I write this while sitting at a marvelous presentation all about creativity at the 2012 CALI Conference. The presentation is all about encouraging you to creatively approach problems, recognizing when there’s a solution, and how to basically be at your best.
Which got me thinking about the current structure of education. It’s currently seeing an insanely fast evolution in terms of technology. But all that evolved technology is being shoe-horned into a very old model. So you could have the best cutting-edge Web 2.0 apps, iPads out the wazoo, but still have a school with no wi-fi or even Internet connectivity. You could have the most robust student portal but a group of administrators resistant to change.
In my professional life, I run into these road blocks every darn day. I like to think up creative solutions to problems, deploy those solutions, and then evolve them into something even better. Thanks to free / cheap web 2.0 tools (like those I write about on Edudemic), it’s relatively easy to do this. But that’s because I’m blessed with a job that rewards me / expects me to beta test, deploy, and discover exciting new technologies.
But most schools don’t have that flexibility. In my experience over the past decade, I’ve met and worked closely with hundreds of teachers, admins, students, and parents. The vast majority are crippled by inaction at some level of their school. Whether it’s a principal who doesn’t have time to decide or a dean without the resources he or she would need, there’s always something standing in the way of innovating education.
Schools are molding the minds of the future generations. These minds need to be given the most options, the most technology, and the most advanced forms of education models on the planet. Let the students decide and figure out what works for them. There are so many teachers out there ready to bring amazing technology into their classroom (just look at all the people at ISTE every year) but there’s usually something standing in the way.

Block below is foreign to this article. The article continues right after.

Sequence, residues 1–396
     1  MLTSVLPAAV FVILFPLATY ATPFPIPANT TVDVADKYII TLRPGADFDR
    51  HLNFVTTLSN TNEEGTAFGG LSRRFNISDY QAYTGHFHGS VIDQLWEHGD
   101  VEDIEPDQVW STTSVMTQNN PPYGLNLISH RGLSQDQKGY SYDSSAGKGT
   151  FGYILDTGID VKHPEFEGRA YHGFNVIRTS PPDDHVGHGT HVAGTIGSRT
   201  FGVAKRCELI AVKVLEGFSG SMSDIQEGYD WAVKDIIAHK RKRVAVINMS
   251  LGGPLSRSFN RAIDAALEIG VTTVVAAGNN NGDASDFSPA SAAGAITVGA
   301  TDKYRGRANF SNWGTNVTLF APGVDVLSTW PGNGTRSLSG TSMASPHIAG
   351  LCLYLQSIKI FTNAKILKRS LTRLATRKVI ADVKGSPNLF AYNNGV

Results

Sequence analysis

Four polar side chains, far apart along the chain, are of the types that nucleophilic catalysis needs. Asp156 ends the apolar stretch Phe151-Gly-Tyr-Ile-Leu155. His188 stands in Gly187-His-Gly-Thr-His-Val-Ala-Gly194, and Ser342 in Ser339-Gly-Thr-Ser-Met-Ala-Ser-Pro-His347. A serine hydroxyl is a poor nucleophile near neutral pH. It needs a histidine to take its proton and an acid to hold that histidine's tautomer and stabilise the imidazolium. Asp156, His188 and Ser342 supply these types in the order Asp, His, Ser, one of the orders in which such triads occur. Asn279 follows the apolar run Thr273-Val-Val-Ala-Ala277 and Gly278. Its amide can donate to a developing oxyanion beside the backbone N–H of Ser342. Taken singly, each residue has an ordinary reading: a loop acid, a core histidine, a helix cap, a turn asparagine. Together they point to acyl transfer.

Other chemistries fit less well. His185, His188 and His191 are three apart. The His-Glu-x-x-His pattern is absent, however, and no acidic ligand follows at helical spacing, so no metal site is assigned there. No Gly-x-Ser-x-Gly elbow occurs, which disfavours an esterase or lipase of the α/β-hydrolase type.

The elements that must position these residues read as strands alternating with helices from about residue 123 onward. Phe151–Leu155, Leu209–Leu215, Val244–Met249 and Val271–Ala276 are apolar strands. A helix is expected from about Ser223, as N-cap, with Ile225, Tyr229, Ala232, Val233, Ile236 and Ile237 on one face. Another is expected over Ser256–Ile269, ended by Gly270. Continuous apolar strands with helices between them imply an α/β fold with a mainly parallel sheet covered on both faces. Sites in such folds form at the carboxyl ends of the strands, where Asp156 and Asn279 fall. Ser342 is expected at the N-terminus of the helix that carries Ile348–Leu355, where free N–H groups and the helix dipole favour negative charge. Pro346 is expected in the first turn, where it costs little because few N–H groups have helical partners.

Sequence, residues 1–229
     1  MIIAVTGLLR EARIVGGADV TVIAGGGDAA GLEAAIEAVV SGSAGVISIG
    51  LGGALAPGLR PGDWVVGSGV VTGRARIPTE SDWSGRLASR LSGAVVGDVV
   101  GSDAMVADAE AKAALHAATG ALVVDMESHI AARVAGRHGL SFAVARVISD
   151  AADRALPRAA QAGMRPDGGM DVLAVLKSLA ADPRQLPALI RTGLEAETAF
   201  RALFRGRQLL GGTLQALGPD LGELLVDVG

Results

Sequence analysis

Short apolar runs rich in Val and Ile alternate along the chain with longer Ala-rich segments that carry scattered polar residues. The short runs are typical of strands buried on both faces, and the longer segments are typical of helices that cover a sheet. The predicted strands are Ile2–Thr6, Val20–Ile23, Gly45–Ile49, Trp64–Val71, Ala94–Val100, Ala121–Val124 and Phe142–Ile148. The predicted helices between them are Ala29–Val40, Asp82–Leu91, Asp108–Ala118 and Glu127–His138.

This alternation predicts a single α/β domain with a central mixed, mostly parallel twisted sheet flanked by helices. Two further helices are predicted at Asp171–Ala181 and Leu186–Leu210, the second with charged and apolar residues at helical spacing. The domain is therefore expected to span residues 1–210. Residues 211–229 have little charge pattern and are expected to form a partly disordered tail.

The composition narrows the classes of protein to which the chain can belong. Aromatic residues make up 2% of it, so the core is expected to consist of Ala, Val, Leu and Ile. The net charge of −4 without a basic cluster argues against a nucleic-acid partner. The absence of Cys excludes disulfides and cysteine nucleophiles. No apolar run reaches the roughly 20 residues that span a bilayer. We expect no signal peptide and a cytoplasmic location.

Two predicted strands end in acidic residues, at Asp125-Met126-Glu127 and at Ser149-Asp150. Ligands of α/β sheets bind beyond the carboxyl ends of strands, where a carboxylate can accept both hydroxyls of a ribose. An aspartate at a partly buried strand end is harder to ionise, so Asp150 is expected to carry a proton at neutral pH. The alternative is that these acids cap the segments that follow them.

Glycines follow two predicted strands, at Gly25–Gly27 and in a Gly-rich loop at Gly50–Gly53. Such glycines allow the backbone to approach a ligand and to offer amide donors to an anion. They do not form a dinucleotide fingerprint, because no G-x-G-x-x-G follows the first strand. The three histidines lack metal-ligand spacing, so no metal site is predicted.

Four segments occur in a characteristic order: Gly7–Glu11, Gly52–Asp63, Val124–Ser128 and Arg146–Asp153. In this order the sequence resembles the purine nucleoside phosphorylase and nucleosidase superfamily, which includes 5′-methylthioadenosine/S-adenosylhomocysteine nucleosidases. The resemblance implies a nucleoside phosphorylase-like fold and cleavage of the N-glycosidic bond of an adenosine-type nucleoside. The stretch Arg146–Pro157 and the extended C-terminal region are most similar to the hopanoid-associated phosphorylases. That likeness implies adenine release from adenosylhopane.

So here’s my solution.
Treat your classroom like a startup. Nurture the idea that each student needs to feel safe and comfortable making a decision. Let each student make mistakes. Let each student learn from their failures. Let each student figure out what works best for them.
Don’t let your students (or you) be paralyzed by shiny tools. Figure out how these tools work for you and then move on. (That’s a beautiful thought from the presentation at CALI by Jill Smith, University of Maryland Francis King Carey School of Law and Vicenc Feliu, Villanova University School of Law.)
By treating your classroom like a startup, you should feel free to try out exciting new techniques. Flipped classrooms, 1:1 technology, BYOD, mobile learning, polling in the classroom, everything. Figure out a way to integrate these low-cost and innovative ideas to instill the creativity bug into each student.
When you view your classroom, school, or even your district as a place for innovation and exploration, you’re enabling all the constituents to learn in the most powerful method: the way that works for them. After all, everyone learns differently. Everyone wants something different. There’s no single piece of technology or innovative teaching idea that will work for everyone. Know that and move on.
Edudemic is focused on bringing the most innovative, exciting, and cutting-edge tools to everyone on the planet. But it’s up to you to figure out how to integrate these tools into your personal world. So this is my small plea to remember that, despite the never-ending flow of new products and services, be sure to make time to try out at least some of the new fun goodies.
So even if a particular tool doesn’t work for you, it tells students (and others) that there are always new ways to do things. It shows that being creative and exploring new ideas is the over-arching goal of every single education innovation.
This is the driving goal behind Edudemic and the Edudemic Magazine (our home for all our top-shelf thought-provoking material), my work at Harvard, and Terry’s professional life as well. We want to explore and innovate to keep the creative juices flowing. We love being creative and hope the future generation feels the same way.
Found this via the presentation at CALI and wanted to share. Warning, it has a few swears in it but nothing NSFW. It’s inspirational and helped me crystallize some of my thinking about innovation, failure, and solving problems. Enjoy.